“Don’t get discouraged in your very important responsibilities.  They are tedious, but they are an important part in my eternal plan.  What seems ordinary and insignificant to you actually has infinite and eternal influence.  Believe in it, and keep going.”

Looking at “weariness” in a new light, and with a specific twist toward my job as a mother, I loved reading these scriptures (my thoughts are in red):

Gal. 6: 9 And let us not be weary in well doing: for in due season we shall reap, if we faint notKey word:  in due season.  The fruits of motherhood are slow growing, but fainting is not an option if we hope to ever harvest.

(The footnote next to the word weary leads to this scripture:) Luke 8: 14 (14-15) And that which fell among thorns are they, which, when they have heard, go forth, and are choked with cares and riches and pleasures of this life, and bring no fruit to perfection. So interesting that it cross-references a scripture about distraction.  It’s easy to feel discouraged in the labors of motherhood if we give too much importance to the cares of the world.  And yet, if we choose thorny paths, we are kept from the development of perfection– both our own and that of our children.

Isa. 40: 28, 30-31 ¶ Hast thou not known? hast thou not heard, that the everlasting God, the Lord, the Creator of the ends of the earth, fainteth not, neither is weary? there is no searching of his understanding. . . . But they that wait upon the Lord shall renew their strength; they shall mount up with wings as eagles; they shall run, and not be weary; and they shall walk, and not faint. Did that say there is a cure for weariness?  Yes.  And it’s in the Lord– waiting on Him.  Consistency and patience.

Jer. 31: 25 For I have satiated the weary soul, and I have replenished every sorrowful soul. The Lord heals, invigorates, and blesses those who come to Him.

And, of course, Elder Maxwell says it best in an awesome talk called “Lest Ye Be Wearied and Faint in Your Minds” :

The urgings for us not to weary in well-doing contain prescriptions to avoid such weariness. (See Gal. 6:9; 2 Thes. 3:13; Alma 37:34.) We are to work steadily, but realistically, and only expect to reap “in due season.” (Gal. 6:9.) We are to serve while being “meek and lowly” (Alma 37:34), avoiding thereby the wearying burdens of self-pity and hypocrisy. We are to pray always so that we will not faint, so that our performance will actually be for the welfare of our souls, which is so much more than just going through the motions. (See 2 Ne. 32:5, 9; D&C 75:11; D&C 88:126.)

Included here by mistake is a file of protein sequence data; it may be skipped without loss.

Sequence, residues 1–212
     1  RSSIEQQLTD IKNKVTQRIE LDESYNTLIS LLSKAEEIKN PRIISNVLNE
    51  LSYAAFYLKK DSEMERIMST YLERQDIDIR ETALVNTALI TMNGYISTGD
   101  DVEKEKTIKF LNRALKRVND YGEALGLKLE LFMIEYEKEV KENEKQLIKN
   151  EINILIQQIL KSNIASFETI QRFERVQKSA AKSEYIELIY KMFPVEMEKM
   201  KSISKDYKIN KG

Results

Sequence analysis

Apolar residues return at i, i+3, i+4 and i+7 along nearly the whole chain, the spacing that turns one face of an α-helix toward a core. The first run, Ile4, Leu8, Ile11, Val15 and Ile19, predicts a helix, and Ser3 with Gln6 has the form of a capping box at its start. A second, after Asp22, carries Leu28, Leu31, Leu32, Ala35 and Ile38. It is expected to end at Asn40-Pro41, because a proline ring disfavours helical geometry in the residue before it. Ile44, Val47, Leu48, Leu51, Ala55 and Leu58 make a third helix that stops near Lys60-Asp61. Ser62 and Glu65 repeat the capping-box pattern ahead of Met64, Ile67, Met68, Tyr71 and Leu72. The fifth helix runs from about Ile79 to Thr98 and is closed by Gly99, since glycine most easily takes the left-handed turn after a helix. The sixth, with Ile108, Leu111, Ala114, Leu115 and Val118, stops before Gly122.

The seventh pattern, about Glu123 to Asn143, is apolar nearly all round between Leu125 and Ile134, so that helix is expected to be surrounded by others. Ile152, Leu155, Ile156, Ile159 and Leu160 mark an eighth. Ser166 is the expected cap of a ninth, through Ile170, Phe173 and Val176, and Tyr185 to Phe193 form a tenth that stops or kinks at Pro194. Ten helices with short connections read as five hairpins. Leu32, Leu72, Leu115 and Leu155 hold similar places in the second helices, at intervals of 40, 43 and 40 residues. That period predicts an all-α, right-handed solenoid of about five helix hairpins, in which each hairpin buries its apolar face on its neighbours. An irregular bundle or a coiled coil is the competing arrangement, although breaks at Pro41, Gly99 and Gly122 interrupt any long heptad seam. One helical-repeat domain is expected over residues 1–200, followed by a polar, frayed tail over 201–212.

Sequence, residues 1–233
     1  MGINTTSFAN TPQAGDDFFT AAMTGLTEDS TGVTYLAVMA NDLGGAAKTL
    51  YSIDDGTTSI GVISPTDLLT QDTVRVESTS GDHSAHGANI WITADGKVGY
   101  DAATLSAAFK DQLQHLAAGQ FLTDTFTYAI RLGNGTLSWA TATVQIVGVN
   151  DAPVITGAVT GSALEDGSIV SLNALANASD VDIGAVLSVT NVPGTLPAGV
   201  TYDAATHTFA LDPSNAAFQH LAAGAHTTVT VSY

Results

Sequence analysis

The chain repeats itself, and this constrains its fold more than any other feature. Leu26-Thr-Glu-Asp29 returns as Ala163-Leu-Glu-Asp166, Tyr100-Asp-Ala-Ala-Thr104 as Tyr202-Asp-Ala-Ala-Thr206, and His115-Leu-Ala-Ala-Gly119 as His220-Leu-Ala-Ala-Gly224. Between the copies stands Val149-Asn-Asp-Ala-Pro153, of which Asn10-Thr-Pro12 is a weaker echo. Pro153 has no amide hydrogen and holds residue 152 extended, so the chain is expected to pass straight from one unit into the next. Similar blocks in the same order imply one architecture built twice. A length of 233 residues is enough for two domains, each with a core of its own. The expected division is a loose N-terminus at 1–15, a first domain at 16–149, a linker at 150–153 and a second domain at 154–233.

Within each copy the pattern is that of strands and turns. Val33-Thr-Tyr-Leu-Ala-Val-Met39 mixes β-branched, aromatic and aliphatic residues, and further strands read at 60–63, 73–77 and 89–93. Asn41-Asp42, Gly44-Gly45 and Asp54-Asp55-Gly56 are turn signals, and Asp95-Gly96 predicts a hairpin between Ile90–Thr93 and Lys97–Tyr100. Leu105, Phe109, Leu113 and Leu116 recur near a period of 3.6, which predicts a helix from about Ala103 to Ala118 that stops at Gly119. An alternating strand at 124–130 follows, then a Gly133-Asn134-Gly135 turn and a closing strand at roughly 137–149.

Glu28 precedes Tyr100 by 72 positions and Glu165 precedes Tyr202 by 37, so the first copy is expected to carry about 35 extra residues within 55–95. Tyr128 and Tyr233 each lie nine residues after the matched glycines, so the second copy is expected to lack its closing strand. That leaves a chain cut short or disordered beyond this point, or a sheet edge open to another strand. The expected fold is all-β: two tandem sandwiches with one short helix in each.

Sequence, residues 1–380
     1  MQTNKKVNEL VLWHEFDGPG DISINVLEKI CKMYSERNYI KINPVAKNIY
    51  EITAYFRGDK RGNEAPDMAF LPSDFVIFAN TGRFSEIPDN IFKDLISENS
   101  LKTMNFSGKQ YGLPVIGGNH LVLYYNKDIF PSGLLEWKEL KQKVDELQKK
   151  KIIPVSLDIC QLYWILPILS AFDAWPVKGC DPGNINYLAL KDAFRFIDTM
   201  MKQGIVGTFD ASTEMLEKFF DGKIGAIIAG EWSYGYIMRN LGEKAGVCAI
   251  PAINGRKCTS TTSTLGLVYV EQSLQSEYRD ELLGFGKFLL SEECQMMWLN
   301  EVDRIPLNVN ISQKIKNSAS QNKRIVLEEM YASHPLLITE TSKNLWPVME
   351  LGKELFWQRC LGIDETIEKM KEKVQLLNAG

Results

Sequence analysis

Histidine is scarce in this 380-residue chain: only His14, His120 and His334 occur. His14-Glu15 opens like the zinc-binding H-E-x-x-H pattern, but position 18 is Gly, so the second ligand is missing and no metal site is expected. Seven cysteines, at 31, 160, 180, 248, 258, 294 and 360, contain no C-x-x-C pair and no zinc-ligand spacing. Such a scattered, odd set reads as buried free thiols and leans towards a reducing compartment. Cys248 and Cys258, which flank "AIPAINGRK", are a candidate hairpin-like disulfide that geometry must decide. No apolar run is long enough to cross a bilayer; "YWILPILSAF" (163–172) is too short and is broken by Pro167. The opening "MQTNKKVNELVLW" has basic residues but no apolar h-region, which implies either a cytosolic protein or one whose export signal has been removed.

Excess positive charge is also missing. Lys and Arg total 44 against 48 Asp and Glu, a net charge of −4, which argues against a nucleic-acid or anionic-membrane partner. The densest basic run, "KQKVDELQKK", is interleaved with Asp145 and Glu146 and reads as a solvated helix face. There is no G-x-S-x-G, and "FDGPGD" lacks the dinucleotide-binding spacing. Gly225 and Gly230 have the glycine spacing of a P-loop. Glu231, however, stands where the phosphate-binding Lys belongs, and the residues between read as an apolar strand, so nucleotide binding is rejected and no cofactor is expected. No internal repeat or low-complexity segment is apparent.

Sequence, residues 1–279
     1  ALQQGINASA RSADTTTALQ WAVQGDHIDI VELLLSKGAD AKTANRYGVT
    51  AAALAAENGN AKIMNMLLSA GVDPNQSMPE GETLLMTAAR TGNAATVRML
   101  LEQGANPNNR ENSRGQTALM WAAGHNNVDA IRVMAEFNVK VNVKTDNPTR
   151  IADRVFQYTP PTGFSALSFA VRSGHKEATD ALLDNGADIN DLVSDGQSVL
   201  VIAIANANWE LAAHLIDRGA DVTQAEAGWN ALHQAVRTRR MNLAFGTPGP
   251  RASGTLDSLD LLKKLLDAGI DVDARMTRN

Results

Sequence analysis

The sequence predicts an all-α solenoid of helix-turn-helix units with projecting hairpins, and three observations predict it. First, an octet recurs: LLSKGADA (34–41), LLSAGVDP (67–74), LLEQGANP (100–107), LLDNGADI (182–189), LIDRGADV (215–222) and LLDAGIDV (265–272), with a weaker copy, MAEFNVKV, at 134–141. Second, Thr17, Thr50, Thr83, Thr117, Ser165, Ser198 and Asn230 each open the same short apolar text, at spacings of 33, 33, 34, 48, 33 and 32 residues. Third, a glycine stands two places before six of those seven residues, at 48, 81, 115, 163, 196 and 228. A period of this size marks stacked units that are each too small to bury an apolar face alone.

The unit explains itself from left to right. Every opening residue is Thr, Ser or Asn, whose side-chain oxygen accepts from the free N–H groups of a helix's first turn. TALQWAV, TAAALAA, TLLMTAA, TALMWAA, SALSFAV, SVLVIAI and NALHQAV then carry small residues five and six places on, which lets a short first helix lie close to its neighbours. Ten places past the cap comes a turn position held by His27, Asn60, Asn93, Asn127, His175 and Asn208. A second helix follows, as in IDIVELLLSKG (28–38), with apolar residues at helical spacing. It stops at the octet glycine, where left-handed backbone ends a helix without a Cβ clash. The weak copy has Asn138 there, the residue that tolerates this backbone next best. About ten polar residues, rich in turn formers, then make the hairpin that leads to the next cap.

And that my friends, is how I was wrong.  Because with faith in and help from our Savior, even us mothers can move past weary and keep doing the work we were called to do, just like Eve did, invigorated by the knowledge that we’re truly doing “that which is great.”

Small victory: Power to the people!

I empowered myself today at the checkout of the grocery store.  I had Clark and Natalie with me and as we checked out, this lovely piece of literature was right at the level of my waist (in other words, right at Clark’s eye level).

cos_cvr-lg

I edited it for you a little.  You’re welcome. Then the same thing happened that always happens:  I got annoyed.  Then I remembered DeNae and how she became like a Las Vegas Lysol wipe.  (Put that on your resume, DeNae.)  I also thought that since I’m spending so much time on this Protecting Innocence Project*, I’d better walk the walk.  So I asked the lady at the checkout to call over the manager.

I introduced myself and then said, “I shop here a lot, but I have a concern.  Some of these magazine covers are inappropriate.  You can see that they are right here at my son’s eye level.  And he can read.  I don’t know if you’ve ever had a five-year-old, but I think you’d agree that this (pointing right at the headlines) isn’t something he needs to see.  What I would like is for them to be moved out of a child’s line of vision like the tobacco products or covered up.  I’m just asking for a little discernment about what is placed at a child’s eye level.”

He nodded in agreement because, really, you don’t have to be a preacher to know that “BAD GIRL es-ee-ex” (I’m trying to avoid the wrong kind of Google hits) is not a headline for a kindergartener.  He agreed that they would cover up all of their Cosmopolitan magazines with a black shield.  It just so happened that the magazine rep/distributor was there and he called her over and asked her to please cover them up every time she restocks the racks.  And that was it.  I thanked him, gathered up my groceries and my imaginary weapons of motherhood, and we were on our way.

It was that simple.

So arm yourselves, moms.  It’s not nearly as hard or as embarrassing as we think it might be.  The checkout lady said to me, “I’m sixty-nine years old and even I think it’s raunchy.”

And if the manager blows you off, get an address for whomever he reports to, and mail a letter like Captain DeNae did.  Fight on, sisters, fight on!

*The Protecting Innocence Project is getting closer and closer to launch.  Check out this draft of one of the logos (we’ve altered the shield a little to make it more obvious.)

ProtectingInnocence_logo

When it’s all up and ready, I really hope you’ll help me publicize it because it’s going to ROCK.  Think form letters and contact information to make it easy for moms to complain, alert forums where we can get more voices to speak out against offensive material, tons of research, resources and links to organizations that promote the cause of protecting children from inappropriate media.  I’m telling you, the devil is NOT going to like this site.  :)